It can take years to receive a diagnosis of Hidradenitis Suppurativa (HS). One reason for this is that it’s not a well- known disease. It is a secret a lot of people keep, and even medical professionals misunderstand it. HS awareness and understanding its impact is essential. But often people with HS feel embarrassed to talk about it.
Embarrassment is caused by perceived stigma, that is stigma associated with what you believe others think of you. Enacted stigma is when you have been discriminated against or treated badly because of your symptoms. Awareness is the best way to reduce stigma and therefore embarrassment. The best part is, anyone can do it. Sadly, embarrassment and stigma make it hard to raise awareness. But talking about your condition from a personal point of view is not the only way.
Whether you can talk about it or not, there are things you can do. Here are 5 ways you can raise awareness about HS.
Share information on social media
This one is so simple. We spend an average of 3 hours a day on social media. The reality is that search engines are our first port of call when it comes to almost everything. So, making sure that there is reliable information available is essential. If you come across a post about HS and you find it useful, pass it on. Like, share, retweet, because I promise it makes a difference. Also, if you like the content creator, follow them. It’s an easy, free way to support educational content and you don’t know who it might help..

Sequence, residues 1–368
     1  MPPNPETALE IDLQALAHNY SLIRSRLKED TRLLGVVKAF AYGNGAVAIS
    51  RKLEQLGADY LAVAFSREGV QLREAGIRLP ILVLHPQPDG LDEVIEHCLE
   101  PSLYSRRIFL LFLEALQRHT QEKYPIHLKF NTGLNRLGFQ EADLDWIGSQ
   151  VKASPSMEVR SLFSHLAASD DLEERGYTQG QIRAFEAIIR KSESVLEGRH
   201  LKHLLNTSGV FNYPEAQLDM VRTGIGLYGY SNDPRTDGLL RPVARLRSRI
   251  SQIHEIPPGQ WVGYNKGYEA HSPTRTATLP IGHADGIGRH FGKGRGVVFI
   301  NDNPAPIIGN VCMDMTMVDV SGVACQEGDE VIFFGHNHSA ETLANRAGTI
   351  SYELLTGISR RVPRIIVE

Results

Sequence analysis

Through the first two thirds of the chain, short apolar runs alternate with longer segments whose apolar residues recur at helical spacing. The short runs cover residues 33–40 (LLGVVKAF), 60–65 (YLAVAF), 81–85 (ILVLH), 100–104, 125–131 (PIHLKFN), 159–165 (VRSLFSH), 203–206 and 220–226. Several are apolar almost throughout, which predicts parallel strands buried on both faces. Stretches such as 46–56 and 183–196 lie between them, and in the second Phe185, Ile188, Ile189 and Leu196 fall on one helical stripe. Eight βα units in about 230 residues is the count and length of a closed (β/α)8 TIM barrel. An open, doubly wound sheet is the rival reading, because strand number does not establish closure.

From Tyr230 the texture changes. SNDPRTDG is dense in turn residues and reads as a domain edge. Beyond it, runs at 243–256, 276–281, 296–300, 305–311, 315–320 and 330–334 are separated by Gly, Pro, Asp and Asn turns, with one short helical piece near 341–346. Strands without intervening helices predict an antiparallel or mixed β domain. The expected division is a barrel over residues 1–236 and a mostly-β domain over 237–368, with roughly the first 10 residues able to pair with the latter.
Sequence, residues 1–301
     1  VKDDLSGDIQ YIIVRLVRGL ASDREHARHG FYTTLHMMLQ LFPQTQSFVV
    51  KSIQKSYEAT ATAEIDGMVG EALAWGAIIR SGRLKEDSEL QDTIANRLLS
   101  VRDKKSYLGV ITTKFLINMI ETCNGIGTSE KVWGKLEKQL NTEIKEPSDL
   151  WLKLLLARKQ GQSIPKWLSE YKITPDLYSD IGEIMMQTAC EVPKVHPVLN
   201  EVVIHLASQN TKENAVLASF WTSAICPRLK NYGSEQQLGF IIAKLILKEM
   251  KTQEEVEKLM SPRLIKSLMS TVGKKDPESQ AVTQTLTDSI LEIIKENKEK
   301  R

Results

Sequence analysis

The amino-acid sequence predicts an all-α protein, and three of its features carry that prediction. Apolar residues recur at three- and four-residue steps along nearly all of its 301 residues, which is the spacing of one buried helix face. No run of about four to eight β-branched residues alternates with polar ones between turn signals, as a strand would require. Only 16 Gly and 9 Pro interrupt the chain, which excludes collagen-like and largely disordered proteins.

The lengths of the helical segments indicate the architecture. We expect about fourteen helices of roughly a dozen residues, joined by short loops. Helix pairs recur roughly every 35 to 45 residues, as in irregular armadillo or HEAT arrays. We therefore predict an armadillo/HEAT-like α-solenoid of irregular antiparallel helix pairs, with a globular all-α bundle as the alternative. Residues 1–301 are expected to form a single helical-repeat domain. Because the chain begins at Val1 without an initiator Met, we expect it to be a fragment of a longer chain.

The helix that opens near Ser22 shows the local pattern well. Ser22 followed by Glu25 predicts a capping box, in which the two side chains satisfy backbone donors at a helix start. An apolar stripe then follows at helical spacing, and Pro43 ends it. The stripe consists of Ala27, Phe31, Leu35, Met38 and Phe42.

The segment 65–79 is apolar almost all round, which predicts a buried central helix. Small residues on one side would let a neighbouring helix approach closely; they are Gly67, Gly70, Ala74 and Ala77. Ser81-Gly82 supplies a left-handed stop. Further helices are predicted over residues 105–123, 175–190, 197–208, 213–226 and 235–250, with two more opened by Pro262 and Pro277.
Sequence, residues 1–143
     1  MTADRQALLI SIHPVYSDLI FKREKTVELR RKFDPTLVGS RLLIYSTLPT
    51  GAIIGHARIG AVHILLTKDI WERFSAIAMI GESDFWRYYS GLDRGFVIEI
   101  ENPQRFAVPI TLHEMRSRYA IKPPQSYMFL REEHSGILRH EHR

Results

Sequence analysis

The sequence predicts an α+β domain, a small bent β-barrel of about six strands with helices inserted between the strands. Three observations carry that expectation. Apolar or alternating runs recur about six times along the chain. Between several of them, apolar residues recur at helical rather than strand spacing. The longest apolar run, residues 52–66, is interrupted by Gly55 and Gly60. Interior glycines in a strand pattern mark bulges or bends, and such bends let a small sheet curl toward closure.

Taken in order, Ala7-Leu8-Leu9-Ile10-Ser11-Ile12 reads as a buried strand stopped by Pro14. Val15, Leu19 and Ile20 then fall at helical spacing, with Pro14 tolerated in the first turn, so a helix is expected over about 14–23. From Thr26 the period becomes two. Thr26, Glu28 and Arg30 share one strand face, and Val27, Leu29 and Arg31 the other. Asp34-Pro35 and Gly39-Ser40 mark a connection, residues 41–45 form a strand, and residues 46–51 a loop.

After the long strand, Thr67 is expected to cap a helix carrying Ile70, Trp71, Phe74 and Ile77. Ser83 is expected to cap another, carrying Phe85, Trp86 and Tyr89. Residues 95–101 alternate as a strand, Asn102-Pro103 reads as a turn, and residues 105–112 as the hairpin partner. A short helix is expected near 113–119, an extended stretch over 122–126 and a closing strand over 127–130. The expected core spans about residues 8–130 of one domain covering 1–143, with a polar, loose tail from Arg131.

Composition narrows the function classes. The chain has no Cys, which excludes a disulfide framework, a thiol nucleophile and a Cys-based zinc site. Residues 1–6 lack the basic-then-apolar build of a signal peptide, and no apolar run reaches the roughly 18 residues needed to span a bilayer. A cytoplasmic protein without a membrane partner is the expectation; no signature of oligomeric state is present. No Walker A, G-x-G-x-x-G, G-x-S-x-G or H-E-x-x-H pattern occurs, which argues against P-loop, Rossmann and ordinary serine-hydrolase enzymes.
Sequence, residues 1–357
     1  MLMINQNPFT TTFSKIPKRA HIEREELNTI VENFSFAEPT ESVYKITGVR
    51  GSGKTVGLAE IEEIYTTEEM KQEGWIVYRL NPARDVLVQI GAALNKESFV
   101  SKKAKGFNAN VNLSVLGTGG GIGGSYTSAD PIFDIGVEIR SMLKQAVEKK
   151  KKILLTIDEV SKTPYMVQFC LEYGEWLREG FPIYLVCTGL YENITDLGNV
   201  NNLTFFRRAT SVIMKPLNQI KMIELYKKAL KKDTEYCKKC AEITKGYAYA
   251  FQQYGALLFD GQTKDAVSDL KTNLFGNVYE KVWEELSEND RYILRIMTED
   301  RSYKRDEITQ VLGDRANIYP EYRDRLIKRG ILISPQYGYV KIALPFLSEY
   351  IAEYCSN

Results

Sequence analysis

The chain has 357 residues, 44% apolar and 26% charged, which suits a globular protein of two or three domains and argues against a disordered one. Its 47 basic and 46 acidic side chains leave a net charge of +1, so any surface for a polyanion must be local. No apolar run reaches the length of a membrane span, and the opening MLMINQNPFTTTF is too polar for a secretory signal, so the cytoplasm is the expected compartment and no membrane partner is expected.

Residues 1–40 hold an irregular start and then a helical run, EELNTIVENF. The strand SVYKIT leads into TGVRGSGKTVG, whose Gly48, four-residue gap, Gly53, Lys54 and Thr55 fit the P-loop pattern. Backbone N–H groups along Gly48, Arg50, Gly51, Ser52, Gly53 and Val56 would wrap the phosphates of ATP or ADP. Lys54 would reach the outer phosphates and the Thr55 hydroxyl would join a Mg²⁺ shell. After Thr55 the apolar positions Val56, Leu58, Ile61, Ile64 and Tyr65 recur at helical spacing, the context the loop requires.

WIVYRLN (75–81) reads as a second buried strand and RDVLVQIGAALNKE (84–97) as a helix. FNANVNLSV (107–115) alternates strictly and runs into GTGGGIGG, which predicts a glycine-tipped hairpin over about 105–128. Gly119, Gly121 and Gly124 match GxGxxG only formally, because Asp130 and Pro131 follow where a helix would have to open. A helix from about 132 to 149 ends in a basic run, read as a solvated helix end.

Make sure your doctor surgery has leaflets
Next time you visit your doctor surgery or clinic, check the information stand. Do they have information on HS? My local doctor surgery does and that’s how I was diagnosed. Patients can spend a long time in the waiting room, and they do read the information leaflets. If the surgery or clinic do not have booklets, ask if you can provide some. When you do, highlight it with the doctor you see as they may not be familiar with the disease. Helping them to understand helps you too.
This goes for medical professionals as well. You are your patients best medical advocate. So, make sure they have access to good information. This will help you because your patients will be better able to inform you about their symptoms.
If you are in Ireland, The Irish Skin Foundation is the national organisation for skin conditions. They can send you or your surgery booklets. In some cases, you may need to make a small donation to cover postage and packaging.
Perhaps you don’t want to talk about it at all and you would rather nobody know you have HS. But you do want to help. That is fine and absolutely your right. An option for you might be fundraising.
Organisations for skin conditions raise awareness for HS as well as eczema and psoriasis. They are good at what they do, but they can’t do it without donations. If you are uncomfortable raising awareness, why not help those who are already out there. You would be doing vital work and helping others to continue theirs. Here’re some ideas to get you started, but don’t forget to check in with your chosen organisation first.